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Vertical integration, recycling mechanism, and disadvantaged independent suppliers in the renewable obligation in the UK / Jing Shao, Jinke Li, Guy Liu

Energy Economics, Volume: 94, Start page: 105093

Swansea University Authors: Jing Shao, Jinke Li

  • Accepted Manuscript under embargo until: 2nd July 2022

Abstract

Under the Renewable Obligation (RO) scheme implemented in the UK, electricity suppliers are required to present a certain number of RO certificates (ROCs) depending on the quantity of electricity they sold. Insufficient availability of ROCs, guaranteed by the amendment of headroom, helps boost inves...

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Published in: Energy Economics
ISSN: 0140-9883
Published: Elsevier BV 2021
Online Access: Check full text

URI: https://cronfa.swan.ac.uk/Record/cronfa55934
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Abstract: Under the Renewable Obligation (RO) scheme implemented in the UK, electricity suppliers are required to present a certain number of RO certificates (ROCs) depending on the quantity of electricity they sold. Insufficient availability of ROCs, guaranteed by the amendment of headroom, helps boost investors’ confidence about their values, but we observe that there was a large variation in compliance by suppliers. Using data from 17 reporting years from 2002-03 to 2018-19, our estimation results show that compliance of subsidiaries of the big six energy companies was 15.46% higher than that of independent suppliers. We trace the movement of ROCs from six generators to show that they prefer to sell ROCs to suppliers within the vertical integration. We develop scenarios and a theoretical model to show that, when the recycling mechanism is in place, integrated generators have the motivation to sell ROCs to integrated suppliers, rather than independent suppliers, while holding spare ROCs is the least favourite option. These predictions are consistent with observations that (i) integrated suppliers have better compliance than independent suppliers, and (ii) nearly all issued ROCs were presented. Therefore, we suggest that, when both vertical integration and the recycling mechanism exist, independent suppliers were disadvantaged in accessing ROCs given insufficient supply. Nonetheless, as a way of refunding unjustified penalties due to insufficient supply of ROCs, the recycling mechanism can promote competition among suppliers for ROCs, compared with a simple refunding method.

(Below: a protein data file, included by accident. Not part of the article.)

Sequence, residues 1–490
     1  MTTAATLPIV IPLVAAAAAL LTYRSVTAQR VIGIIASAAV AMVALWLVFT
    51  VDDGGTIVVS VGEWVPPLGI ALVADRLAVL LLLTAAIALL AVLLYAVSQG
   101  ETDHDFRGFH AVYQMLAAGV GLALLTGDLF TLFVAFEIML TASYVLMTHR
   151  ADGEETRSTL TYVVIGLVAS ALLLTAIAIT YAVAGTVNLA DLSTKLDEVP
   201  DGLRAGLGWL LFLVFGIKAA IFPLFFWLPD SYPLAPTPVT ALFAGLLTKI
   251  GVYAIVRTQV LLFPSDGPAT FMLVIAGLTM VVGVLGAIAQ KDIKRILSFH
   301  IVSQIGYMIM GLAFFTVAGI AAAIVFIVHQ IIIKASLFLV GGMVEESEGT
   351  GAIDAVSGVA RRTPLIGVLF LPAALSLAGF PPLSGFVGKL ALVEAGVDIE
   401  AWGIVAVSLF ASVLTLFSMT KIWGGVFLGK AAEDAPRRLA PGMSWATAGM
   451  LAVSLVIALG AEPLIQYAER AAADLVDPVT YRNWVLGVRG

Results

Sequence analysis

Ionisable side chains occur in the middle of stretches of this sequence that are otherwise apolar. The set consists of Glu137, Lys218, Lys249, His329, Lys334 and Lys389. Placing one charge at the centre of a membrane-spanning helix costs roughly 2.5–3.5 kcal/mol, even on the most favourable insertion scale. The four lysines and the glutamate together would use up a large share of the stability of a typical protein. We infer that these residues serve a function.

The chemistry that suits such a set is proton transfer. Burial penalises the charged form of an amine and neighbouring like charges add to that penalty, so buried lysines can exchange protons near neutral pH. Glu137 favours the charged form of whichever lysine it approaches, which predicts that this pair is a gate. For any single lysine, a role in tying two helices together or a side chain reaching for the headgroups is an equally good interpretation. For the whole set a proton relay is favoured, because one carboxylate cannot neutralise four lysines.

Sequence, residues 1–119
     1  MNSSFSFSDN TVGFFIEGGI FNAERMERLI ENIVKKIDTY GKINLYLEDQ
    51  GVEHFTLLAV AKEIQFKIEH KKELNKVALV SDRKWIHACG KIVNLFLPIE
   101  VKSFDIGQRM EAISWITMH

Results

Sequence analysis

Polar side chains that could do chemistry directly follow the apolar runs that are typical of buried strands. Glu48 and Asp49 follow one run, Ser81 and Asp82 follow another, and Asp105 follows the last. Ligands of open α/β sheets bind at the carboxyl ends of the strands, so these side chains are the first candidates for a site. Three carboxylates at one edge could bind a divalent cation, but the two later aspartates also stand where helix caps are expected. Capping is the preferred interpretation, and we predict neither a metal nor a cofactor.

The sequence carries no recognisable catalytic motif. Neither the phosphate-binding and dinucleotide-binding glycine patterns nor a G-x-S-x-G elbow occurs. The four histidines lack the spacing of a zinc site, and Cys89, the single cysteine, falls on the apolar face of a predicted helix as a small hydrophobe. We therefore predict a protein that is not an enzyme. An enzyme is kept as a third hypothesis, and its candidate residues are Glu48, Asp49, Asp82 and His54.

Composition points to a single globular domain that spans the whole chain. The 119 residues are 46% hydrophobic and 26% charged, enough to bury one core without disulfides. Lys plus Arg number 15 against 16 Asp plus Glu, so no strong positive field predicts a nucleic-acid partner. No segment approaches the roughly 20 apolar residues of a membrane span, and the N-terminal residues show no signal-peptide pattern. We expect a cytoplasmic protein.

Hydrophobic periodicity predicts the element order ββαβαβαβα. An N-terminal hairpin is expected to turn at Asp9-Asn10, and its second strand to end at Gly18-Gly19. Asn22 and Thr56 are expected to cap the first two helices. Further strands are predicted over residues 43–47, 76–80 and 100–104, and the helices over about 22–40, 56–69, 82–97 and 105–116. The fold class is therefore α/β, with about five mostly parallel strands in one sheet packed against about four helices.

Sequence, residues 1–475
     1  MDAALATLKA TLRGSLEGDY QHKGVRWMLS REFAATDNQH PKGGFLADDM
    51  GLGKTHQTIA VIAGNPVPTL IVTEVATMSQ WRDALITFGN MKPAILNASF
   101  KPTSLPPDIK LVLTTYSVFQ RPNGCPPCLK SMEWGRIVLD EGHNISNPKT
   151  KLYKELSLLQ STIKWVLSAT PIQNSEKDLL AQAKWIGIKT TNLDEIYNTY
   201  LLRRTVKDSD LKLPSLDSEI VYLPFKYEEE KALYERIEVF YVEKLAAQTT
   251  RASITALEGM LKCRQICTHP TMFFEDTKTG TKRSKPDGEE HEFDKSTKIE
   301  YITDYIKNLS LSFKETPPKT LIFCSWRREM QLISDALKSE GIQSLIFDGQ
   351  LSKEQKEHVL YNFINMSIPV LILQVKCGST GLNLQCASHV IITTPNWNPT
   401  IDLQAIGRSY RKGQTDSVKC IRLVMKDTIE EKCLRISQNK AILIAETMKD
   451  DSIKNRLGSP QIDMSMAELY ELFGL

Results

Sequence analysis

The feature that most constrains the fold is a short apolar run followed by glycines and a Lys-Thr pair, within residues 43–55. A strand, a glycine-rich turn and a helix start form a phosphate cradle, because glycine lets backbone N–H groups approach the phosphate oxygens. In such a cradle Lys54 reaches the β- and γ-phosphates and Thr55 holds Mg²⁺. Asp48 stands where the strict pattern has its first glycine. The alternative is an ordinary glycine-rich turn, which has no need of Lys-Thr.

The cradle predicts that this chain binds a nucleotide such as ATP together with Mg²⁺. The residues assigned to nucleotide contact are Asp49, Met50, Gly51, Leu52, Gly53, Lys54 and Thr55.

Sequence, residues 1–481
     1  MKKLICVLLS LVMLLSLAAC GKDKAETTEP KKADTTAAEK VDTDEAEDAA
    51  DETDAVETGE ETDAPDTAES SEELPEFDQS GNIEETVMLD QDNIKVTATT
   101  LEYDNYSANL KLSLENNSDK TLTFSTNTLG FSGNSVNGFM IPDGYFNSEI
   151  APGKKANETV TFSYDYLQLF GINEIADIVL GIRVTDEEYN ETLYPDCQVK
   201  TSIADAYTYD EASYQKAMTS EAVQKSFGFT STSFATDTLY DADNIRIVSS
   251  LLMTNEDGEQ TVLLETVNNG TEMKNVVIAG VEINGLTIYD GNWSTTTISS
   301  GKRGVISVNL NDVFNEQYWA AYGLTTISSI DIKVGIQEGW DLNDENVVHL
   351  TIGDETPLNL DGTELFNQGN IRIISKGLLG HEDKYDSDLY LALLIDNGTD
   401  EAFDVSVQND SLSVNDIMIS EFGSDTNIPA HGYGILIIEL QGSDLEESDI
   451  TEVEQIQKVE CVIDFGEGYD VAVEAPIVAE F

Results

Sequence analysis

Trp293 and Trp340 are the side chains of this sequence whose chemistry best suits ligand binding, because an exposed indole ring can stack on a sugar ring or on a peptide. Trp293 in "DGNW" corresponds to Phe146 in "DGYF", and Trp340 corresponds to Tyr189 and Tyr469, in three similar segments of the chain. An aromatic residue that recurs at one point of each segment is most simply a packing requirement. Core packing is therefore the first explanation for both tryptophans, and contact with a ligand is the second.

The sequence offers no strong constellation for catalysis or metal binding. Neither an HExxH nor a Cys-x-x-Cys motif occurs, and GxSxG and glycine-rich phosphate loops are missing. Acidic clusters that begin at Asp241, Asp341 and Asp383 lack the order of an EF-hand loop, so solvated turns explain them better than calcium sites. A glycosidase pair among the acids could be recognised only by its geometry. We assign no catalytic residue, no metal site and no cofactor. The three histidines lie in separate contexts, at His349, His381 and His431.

Keywords: Vertical integration; Recycling mechanism; Compliance; Renewable obligation; Insufficient supply
College: School of Management
Start Page: 105093